WASHINGTON — Vermont Republican Gov. Phil Scott signed a bill May 2 that makes the state the first to change its assisted-suicide law to allow terminally ill nonresidents to make use of it.
Oregon dropped the residency requirement of its assisted-suicide law through a court settlement last year.
Vermont and Oregon are among the 10 states and the District of Columbia that allow medically-assisted suicide. The other states are Washington, Montana, California, Colorado, Hawaii, New Jersey, New Mexico, and Maine.
Oregon voters passed assisted-suicide legislation in 1994 but it was stalled in lawsuits and not enacted until 1997. Vermont was the first state to pass this law through the legislative process, in 2013.
Just before Vermont removed the assisted-suicide residency requirement, state officials reached a settlement with a Connecticut woman with terminal cancer to enable her to come to the state for lethal medication if she complied with other aspects of the state law.
She and her doctor had sued Vermont last year claiming its residency mandate for the assisted-suicide law violated the commerce, equal protection, and privileges and immunities clauses of the U.S. Constitution.
In March, when state legislators discussed removing the state residency requirement, Mary Hahn Beerworth, executive director of the Vermont Right to Life Committee, voiced her objection.
In testimony before a legislative committee, she pointed out that the law “remains a matter of contention” as it did when the state passed it in 2013, and she added that there “continue to be legitimate and serious concerns” about it.
“To be clear,” she said: “Vermont Right to Life opposed the underlying concept behind assisted suicide and opposes the move to remove the residency requirement as there are still no safeguards that protect vulnerable patients from coercion.”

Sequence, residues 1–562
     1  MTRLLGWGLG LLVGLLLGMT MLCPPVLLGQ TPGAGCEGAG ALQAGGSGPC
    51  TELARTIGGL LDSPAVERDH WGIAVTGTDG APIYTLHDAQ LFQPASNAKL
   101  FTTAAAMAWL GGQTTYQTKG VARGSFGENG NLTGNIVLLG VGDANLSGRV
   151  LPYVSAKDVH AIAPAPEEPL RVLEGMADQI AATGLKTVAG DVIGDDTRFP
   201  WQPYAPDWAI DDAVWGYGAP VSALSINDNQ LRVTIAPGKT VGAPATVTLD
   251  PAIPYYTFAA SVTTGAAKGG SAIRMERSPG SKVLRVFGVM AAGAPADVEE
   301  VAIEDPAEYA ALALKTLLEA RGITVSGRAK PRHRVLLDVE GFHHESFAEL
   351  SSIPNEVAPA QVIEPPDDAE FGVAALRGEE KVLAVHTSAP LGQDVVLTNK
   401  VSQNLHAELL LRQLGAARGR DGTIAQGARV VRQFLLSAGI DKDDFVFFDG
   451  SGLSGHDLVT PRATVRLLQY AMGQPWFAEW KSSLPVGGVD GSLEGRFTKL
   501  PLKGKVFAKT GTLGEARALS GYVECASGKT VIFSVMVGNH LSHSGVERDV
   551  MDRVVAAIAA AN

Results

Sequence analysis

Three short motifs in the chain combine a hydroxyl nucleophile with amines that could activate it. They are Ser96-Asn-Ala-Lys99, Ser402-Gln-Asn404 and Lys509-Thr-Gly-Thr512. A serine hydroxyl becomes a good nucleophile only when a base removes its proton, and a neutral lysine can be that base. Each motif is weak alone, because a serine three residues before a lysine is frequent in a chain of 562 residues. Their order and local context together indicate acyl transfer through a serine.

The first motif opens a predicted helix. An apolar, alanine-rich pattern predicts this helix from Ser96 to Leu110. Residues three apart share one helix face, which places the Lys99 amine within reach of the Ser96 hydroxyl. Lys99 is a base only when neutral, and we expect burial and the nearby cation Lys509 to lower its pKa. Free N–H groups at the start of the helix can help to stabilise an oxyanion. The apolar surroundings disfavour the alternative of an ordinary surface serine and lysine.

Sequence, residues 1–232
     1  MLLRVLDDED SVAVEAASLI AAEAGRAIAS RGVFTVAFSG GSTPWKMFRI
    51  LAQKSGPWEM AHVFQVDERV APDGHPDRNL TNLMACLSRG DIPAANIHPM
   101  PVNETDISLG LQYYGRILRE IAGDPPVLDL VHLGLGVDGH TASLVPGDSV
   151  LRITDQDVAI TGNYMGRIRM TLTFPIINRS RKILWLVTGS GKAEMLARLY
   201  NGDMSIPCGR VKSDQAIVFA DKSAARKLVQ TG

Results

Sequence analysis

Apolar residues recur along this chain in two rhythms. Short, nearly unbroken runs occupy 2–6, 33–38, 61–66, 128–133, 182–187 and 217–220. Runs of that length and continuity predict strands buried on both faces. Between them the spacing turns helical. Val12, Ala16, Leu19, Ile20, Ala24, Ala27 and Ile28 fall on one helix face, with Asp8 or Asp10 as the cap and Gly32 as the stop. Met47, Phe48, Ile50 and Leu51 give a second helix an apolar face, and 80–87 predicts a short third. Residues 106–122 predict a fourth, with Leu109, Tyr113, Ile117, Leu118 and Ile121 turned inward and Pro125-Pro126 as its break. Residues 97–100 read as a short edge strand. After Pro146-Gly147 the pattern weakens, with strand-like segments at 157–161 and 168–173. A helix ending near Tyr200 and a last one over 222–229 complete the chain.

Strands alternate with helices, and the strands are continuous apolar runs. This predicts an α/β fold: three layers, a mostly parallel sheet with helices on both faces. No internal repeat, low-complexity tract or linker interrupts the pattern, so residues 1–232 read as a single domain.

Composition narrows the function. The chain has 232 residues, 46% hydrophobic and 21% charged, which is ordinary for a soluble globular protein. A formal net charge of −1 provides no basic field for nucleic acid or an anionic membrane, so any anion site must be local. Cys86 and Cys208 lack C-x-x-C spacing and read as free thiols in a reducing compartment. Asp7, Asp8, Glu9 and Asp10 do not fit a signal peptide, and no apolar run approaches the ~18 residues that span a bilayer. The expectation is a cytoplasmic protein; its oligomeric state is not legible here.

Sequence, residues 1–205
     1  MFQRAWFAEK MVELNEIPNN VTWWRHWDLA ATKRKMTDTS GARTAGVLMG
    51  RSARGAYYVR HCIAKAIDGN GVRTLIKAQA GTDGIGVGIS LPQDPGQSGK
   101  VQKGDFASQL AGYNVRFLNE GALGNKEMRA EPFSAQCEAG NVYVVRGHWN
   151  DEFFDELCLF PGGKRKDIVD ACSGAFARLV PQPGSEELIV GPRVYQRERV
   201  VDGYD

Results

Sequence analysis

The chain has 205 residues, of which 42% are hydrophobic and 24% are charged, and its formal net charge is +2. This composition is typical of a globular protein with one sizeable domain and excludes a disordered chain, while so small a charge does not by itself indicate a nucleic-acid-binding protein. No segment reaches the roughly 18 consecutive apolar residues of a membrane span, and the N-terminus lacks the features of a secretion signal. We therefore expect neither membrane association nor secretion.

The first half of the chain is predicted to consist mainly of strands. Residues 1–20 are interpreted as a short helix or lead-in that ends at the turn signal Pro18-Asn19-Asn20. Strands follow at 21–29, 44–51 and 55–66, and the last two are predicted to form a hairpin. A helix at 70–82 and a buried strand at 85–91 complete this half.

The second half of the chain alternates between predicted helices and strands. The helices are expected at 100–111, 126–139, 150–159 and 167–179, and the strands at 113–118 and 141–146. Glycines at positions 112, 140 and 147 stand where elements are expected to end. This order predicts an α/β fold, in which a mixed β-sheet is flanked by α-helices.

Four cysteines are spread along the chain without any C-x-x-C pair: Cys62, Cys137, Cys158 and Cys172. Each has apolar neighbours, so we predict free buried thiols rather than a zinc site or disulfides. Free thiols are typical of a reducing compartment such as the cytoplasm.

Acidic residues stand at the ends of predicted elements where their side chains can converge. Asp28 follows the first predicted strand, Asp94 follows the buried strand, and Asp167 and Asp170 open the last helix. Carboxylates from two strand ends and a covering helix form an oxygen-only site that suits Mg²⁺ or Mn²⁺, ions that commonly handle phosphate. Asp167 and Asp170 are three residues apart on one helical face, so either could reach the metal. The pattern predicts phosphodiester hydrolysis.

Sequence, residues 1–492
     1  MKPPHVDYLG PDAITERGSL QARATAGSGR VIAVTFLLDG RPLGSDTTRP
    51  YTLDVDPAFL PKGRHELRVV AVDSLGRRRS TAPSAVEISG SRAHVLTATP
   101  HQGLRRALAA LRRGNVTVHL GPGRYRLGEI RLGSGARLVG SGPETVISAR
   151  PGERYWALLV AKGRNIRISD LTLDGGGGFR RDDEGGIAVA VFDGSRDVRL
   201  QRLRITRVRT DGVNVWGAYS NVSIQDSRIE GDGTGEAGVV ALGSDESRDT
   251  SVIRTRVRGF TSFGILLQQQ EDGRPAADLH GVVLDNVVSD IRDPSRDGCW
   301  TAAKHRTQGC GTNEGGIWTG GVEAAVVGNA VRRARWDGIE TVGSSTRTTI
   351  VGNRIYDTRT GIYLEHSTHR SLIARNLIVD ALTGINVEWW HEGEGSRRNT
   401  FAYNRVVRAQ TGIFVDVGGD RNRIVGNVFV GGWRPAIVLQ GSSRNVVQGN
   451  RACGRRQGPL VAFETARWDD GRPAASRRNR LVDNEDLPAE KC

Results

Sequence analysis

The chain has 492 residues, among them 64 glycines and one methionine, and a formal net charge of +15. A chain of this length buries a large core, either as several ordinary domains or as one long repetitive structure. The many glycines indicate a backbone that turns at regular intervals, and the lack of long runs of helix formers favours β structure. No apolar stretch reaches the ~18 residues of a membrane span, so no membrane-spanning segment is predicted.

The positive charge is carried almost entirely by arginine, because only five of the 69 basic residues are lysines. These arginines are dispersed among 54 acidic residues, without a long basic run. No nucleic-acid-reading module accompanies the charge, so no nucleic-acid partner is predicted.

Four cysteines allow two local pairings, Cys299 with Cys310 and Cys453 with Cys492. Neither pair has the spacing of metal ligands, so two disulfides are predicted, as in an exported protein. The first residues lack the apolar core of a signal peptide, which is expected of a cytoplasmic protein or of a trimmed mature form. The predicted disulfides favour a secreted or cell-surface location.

Beerworth said if the state were to drop its residency requirement, she wondered what liability the state could incur if the drugs failed to end a patient’s life. She also wondered what would happen if a patient took the lethal dosage back to their home state but didn’t use the drugs.
While supporters of the new Vermont law viewed it as a positive step, enabling people to receive the treatment they wanted where it is available, opponents cautioned that it could make the state a “death tourism” spot.
The Diocese of Burlington has the U.S. bishops’ 2011 statement on physician-assisted suicide, “Live Each Day with Dignity,” posted on its website.
The statement calls assisted suicide “a terrible tragedy, one that a compassionate society should work to prevent.”
It notes that the worst suffering for the terminally ill is “often not physical pain, which can be alleviated with competent medical care, but feelings of isolation and hopelessness” and the “realization that others — or society as a whole — see their death as an acceptable or even desirable solution to their problems can only magnify this kind of suffering.”
The bishops’ statement also urges Catholics to be “leaders in the effort to defend and uphold the principle that each of us has the right to live with dignity through every day of our lives,” and says the claim that “drugs can substitute for these efforts is an affront to patients, caregivers, and the ideals of medicine.”
The Diocese of Burlington didn’t immediately respond to a request for comment.